Every 10 years after the national census many state legislatures and governors have the prerogative to redo voting districts. Prior to the 2010 midterms REDMAP — Redistricting Majority Project — was the name for the Republican State Legislative Committee’s strategy to take as many legislatures as possible. Executive director Jankowski used sophisticated technology called Maptitude, which allowed mountains of data to be finely incorporated in analyzing ethnicities, class composition and political leanings of any area. In urban settings it could provide an accurate snapshot block by block.
This was not old-fashioned guesswork, fiddling with paper maps and pens. With precise algorithmic ease a district could be “packed and cracked,” meaning that one party could be segregated into neatly demarcated and more populous enclaves — mostly Democratic — while the other party could garner votes from wider-flung, less populous districts and predictably obtain more seats — mostly Republican.
This slick maneuver was not a secret. Republican operative Karl Rove wrote a piece in the March 4, 2010, Wall Street Journal announcing REDMAP, understanding whichever party controls the way districts are drawn could more easily control who gets elected. Daley states: “The assertion is so bold, yet so sensical, that one does not know whether to stand back and admire the audaciousness, indict the Democrats for gross negligence and lack of imagination, or simply howl over the undemocraticness of it all.”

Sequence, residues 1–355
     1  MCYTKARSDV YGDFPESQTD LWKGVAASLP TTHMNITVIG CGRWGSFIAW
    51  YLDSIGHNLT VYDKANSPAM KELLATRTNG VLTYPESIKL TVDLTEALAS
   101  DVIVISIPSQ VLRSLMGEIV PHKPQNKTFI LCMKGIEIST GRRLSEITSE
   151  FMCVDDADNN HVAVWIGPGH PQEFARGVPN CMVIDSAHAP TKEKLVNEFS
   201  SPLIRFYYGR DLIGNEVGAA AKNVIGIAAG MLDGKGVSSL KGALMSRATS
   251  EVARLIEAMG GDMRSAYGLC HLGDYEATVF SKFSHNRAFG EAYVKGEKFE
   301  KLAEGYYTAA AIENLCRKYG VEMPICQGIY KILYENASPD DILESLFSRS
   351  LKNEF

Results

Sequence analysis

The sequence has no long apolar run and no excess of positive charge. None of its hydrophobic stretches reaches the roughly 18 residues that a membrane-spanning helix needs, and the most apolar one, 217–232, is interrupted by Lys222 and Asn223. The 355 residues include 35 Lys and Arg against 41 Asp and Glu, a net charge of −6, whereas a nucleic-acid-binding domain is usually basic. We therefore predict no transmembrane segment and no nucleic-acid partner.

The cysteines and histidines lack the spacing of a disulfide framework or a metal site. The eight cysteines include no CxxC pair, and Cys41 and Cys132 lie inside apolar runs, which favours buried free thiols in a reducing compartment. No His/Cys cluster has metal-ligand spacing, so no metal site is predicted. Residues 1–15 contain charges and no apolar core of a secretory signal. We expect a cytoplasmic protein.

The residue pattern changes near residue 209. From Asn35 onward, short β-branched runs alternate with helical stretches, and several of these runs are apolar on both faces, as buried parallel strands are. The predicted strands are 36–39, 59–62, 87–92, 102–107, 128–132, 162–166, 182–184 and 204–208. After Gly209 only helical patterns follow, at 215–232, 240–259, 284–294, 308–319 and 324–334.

About a dozen states have independent redistricting commissions, which presumably bring an element of nonpartisanship into this process. Still many aspects of electoral abuse remain in place. Organizations like FairVote — where “Ratfucked” author David Daley now works as communications director — are at work to remake the way politicians are elected and that will result in greater representation for all citizens at all levels of government. They envision forms of proportional representation through “ranked-choice voting” and “instant runoff voting” that can level the political field and yield constructive discussion on exigent matters such as climate change, national debt, housing and homelessness, civic education and citizen participation. Recently FairVote held an invigorating summit in Washington, D.C., which brought together activists from around the nation.
In another momentous development, the U.S. Supreme Court is currently deliberating the question of extreme gerrymandering and the disenfranchisement of voters. Judges are considering a formula that could ensure a more egalitarian way of drawing district lines. Justice Anthony Kennedy may be the decisive vote in this most important case. Says Daley: “It’s not hyperbole to suggest that Justice Kennedy’s vote is the last bulwark against authoritarian minority rule.” The court’s decision is expected sometime next spring. The implications will be stupendous for our nation and for the future of democracy. Pay attention.